Home / Opinion / Columns /  Geopolitics has speeded up the race to launch CBDCs

Russia’s invasion of Ukraine has upset multiple arrangements and intensified economic instability across the global economy. The geopolitical fault-lines it has exposed has spawned an odd by-product: it is animating a race among nations to launch central bank digital currencies (CBDCs), some with unique characteristics which could have interesting consequences for the future of money.

According to think-tank Atlantic Council, about 105 nations representing 95% of global output are currently exploring the possibility of launching their own CBDCs, compared with only 35 in May 2020. Interestingly, 11 countries have already launched CBDCs— Nigeria, Bahamas, Jamaica and seven of the eight East Carribean member states. These are fully launched CBDCs, available to all citizens. The Reserve Bank of India (RBI) recently released a concept note as a precursor to launching its own CBDC, the digital rupee. The concept note provides a broad overview of the digital rupee and its various features. It might then be instructive to examine the compulsions to own a CBDC, some of which are certainly country-specific in nature, but, in large part, have a common thread running through them.

Most island nations adopted CBDCs to overcome logistical challenges of moving currency from one island in the archipelago to another and ease transaction efficiency. In addition, as per some reports, the desire to launch CBDCs could have sprung from a probe by the Financial Action Task Force (FATF) into only a handful of Caribbean nations for suspected money laundering which led US-based banks to snap correspondent banking ties with banks across the region. With the region’s currencies dollarized and economies reliant on remittances, the FATF’s looming shadow has spelt problems for banks and financial stability.

But in most cases, financial inclusion is a driving force because CBDCs can obviate the need for the excluded to open bank accounts and join the formal financial system. This was brought home during the pandemic, when governments across the world provided extensive fiscal and monetary support and the idea of a CBDC may have occurred in response to last-mile problems in delivering assistance to eventual beneficiaries. Also, as payment systems become overwhelmingly digital, with many alternative instruments vying for attention, a CBDC provides a publicly available and safe transactional platform.

Another popular reason is the threat that emerging crypto-products pose to monetary systems and financial stability. In the balance between the convenience of transacting with crypto-products vis-à-vis cash, and its inherent volatile and unstable characteristic, a CBDC seems to provide a better option: apart from both convenience and stability, it has official backing. Nigeria’s e-Naira was ostensibly launched to reverse the growing adoption of crypto-products for private transfers which had led to increasing banking disintermediation in the country.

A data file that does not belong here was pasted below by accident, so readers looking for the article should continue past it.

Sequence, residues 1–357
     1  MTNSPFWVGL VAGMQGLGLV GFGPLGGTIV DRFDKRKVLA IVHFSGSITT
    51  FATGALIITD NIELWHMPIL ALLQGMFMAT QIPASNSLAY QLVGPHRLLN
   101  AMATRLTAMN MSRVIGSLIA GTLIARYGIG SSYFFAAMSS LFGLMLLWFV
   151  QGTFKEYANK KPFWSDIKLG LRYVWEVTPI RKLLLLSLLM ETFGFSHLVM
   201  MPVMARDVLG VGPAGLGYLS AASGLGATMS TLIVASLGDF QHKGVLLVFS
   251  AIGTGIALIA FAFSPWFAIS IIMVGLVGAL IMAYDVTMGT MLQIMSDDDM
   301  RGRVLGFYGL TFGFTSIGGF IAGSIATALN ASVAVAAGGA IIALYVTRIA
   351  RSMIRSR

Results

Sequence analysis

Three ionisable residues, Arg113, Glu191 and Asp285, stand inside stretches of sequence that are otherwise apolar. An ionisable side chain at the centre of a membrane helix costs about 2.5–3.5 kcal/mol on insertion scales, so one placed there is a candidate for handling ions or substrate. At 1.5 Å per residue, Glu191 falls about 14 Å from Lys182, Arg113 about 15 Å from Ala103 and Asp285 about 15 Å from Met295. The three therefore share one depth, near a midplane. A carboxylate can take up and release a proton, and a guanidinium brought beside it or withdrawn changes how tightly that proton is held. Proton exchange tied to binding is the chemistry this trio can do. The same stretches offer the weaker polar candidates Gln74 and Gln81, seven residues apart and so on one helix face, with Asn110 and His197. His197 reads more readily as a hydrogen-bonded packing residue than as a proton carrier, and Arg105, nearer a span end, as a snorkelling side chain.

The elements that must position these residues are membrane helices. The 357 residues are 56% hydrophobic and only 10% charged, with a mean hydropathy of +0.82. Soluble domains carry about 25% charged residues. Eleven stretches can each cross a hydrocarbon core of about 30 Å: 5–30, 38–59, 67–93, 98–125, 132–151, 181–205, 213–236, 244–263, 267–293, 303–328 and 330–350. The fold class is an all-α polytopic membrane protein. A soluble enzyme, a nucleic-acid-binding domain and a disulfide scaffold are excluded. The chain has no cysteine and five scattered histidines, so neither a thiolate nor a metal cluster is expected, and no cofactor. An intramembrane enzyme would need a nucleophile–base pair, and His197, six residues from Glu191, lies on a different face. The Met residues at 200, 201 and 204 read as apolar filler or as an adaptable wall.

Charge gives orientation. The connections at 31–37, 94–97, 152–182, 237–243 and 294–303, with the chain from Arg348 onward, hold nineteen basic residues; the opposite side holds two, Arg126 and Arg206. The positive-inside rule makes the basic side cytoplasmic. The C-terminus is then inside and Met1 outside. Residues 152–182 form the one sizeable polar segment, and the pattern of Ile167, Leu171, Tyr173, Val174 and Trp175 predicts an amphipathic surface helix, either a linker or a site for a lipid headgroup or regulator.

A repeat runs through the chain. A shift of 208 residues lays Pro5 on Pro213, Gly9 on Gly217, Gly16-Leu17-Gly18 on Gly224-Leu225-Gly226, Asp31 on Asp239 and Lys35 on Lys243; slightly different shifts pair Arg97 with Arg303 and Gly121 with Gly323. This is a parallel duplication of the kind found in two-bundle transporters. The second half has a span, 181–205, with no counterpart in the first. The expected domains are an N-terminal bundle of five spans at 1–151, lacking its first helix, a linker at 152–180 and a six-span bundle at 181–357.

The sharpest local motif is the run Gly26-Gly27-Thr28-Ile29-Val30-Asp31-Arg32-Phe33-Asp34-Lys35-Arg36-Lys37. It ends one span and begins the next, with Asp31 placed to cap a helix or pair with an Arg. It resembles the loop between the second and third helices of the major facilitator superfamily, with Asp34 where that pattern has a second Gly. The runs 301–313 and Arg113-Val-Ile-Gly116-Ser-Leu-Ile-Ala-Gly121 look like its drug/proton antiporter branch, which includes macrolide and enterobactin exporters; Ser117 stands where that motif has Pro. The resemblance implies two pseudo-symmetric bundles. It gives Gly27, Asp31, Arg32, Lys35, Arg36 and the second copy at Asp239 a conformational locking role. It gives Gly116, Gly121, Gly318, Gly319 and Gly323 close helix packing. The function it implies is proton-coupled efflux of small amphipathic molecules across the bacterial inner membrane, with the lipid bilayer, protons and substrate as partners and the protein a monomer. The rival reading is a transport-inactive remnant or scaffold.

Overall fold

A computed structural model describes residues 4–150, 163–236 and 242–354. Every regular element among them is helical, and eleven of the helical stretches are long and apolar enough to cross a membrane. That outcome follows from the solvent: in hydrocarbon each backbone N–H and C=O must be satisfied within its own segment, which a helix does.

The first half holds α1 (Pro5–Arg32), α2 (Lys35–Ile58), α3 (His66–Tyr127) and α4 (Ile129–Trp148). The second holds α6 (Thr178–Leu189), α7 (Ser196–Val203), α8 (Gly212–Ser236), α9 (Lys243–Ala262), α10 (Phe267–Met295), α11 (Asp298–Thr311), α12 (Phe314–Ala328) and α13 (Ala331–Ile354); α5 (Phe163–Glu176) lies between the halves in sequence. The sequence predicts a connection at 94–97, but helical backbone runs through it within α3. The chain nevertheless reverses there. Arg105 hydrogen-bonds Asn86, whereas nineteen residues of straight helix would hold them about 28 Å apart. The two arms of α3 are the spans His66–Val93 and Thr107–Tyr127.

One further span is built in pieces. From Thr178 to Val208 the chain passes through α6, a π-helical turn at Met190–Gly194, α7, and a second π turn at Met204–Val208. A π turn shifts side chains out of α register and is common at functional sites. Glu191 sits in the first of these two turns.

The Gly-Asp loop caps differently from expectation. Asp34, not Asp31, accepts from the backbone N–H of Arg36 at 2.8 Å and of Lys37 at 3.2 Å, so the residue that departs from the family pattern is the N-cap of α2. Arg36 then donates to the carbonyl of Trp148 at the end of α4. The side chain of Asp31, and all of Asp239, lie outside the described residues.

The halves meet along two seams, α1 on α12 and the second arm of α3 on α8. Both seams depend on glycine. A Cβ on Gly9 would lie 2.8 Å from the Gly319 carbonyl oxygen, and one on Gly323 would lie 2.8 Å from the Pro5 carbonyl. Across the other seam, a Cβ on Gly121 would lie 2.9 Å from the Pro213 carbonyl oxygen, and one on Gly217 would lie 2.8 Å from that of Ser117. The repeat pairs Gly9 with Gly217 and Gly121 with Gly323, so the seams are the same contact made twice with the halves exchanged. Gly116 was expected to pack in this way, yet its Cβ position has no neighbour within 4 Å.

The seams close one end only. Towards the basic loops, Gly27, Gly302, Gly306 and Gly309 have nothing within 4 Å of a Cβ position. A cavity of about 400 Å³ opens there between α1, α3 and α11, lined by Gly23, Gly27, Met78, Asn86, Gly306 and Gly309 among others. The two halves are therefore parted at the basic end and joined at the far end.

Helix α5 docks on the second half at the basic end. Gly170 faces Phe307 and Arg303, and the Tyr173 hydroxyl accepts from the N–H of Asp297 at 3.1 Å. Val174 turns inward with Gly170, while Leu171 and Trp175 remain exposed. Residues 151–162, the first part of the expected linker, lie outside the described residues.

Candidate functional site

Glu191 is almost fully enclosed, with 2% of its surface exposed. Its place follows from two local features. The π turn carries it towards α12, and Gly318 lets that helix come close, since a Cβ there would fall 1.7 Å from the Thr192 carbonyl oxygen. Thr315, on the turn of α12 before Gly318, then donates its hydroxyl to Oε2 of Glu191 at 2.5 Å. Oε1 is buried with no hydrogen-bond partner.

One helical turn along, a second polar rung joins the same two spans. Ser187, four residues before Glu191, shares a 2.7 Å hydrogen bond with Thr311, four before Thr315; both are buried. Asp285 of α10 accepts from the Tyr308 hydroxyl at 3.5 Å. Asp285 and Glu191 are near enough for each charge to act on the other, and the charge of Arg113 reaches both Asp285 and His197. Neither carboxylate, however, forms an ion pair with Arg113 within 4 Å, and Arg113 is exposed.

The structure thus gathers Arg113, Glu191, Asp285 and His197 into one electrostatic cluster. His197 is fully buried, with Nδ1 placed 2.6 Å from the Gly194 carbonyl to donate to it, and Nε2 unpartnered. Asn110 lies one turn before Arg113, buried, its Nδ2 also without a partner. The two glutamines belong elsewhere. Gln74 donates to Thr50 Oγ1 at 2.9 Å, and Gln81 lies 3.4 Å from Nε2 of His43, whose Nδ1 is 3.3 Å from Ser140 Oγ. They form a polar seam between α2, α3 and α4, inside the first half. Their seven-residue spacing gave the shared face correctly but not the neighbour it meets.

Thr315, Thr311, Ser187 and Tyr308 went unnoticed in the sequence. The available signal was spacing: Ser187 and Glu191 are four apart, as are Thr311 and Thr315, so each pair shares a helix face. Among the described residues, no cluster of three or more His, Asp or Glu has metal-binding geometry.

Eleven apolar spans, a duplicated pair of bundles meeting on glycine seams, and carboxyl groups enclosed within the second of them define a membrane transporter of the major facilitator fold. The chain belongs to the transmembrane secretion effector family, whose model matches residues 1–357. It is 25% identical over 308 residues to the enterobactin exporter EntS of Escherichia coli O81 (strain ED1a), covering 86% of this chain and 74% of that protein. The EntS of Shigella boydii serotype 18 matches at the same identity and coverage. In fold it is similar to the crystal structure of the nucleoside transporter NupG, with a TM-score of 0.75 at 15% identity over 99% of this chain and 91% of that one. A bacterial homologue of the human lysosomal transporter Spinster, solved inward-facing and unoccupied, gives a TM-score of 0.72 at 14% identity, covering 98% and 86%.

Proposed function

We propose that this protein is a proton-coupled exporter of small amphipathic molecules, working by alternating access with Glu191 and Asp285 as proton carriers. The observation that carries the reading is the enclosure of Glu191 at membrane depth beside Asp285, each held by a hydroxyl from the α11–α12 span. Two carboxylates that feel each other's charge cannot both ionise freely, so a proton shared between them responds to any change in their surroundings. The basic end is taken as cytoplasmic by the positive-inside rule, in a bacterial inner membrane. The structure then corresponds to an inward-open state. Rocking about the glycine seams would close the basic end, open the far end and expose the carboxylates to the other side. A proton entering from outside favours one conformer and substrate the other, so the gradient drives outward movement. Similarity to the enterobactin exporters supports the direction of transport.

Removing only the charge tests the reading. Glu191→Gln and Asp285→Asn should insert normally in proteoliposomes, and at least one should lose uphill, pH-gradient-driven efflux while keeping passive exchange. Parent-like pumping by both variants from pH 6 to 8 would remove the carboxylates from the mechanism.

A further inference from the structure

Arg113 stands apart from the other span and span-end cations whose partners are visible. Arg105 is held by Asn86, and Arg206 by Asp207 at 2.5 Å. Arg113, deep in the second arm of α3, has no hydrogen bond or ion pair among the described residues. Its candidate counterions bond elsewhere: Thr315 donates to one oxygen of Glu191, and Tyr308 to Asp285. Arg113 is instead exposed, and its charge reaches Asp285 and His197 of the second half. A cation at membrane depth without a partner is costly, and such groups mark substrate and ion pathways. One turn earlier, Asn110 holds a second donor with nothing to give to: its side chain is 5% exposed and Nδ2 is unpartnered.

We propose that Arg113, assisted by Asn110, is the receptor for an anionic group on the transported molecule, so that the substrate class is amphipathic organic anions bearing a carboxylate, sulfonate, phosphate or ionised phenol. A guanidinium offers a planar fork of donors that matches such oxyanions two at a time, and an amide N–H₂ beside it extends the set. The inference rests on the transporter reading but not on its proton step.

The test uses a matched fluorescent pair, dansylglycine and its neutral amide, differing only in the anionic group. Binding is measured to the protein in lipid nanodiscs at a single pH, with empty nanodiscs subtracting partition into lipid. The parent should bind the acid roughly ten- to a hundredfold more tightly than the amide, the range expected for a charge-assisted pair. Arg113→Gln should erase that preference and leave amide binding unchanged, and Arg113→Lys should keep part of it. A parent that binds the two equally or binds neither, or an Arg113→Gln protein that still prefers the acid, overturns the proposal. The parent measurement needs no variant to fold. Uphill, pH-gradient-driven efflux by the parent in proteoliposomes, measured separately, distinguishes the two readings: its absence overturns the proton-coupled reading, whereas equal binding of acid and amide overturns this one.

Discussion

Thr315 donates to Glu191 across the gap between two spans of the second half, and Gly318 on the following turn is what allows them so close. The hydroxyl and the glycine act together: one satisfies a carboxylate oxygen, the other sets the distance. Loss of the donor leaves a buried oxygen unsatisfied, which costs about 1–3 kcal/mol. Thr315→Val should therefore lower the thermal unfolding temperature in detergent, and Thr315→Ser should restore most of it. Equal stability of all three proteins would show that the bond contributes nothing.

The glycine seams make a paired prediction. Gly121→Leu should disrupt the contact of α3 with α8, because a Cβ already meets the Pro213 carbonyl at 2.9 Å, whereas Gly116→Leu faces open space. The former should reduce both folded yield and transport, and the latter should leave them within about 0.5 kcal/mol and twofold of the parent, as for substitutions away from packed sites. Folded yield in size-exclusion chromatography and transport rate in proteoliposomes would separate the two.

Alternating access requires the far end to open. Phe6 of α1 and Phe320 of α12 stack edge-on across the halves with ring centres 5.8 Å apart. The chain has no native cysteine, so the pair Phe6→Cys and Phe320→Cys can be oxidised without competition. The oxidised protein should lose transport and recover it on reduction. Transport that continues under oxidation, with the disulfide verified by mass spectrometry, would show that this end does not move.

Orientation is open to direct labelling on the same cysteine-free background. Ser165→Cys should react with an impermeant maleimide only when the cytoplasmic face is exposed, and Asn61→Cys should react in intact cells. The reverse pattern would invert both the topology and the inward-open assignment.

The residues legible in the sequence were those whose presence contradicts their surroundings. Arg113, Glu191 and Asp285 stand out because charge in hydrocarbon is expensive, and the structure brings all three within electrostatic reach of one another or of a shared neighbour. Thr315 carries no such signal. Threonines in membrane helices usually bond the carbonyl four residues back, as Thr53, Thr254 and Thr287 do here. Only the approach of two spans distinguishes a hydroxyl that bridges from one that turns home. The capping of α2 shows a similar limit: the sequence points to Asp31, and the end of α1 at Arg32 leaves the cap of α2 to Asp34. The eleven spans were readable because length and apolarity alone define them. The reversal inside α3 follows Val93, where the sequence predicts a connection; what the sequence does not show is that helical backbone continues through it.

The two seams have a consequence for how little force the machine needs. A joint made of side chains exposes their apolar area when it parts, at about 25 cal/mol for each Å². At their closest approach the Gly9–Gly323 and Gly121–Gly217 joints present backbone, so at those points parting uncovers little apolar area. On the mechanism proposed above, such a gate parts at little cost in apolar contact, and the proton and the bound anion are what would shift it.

Finally, the Russia-Ukraine skirmish and the US’s aggressive use of economic sanctions seems to have also imparted additional momentum to the CBDC race. The risk of unilateral, punitive sanctions and its deleterious economic consequences has impelled many countries to start exploring cross-border CBDC options. According to Atlantic Council, as of June 2022, there were nine cross-border wholesale CBDCs in the works.

For example, both the mBridge project (being developed among the Hong Kong Monetary Authority, Bank of Thailand, BIS Innovation Hub, People’s Bank of China and Central Bank of UAE) and Project Dunbar (under the aegis of the Monetary Authority of Singapore, Reserve Bank of Australia, Central Bank of Malaysia, South African Reserve Bank and BIS Innovation Hub) are testing prototypes where commercial banks of participating countries can settle cross-border transactions in their respective CBDCs without having to go through intermediate currencies, which in most cases is the US dollar.

The wild card here is China, which was the first to launch a pilot project for its retail CBDC and is now focused on launching cross-border CBDCs. Russia’s aggression, China’s challenge to a unipolar world and the CBDC-inspired threat perception to the dollar’s supremacy has forced the US to shed its previous ambivalence to CBDCs. However, there seems to be some residual resistance in the US Federal Reserve, with board member Christopher Wallace recently stating that, “The factors supporting the primacy of the dollar are not technological, but include the ample supply and liquid market for US Treasury securities and other debt and the long-standing stability of the US economy and political system. No other country is fully comparable with the United States on those fronts, and a CBDC would not change that."

One irony is already rearing its head: multiple CBDC technology platforms in the pipeline could render global interoperability a nightmare, thereby reinforcing the dollar’s status as a default reserve currency.

So, where does RBI stand in all this? The central bank’s concept note is non-committal, but it does promise to implement a CBDC gradually—through phased implementation, allowing it to test multiple technology options—before settling on the final architecture. This has an attendant benefit: given the tremendous flux in CBDC development globally, RBI will get the time needed to finalize its strategy as the chips fall where they may across the world.

Rajrishi Singhal is a policy consultant and a senior journalist. His Twitter handle is @rajrishisinghal.

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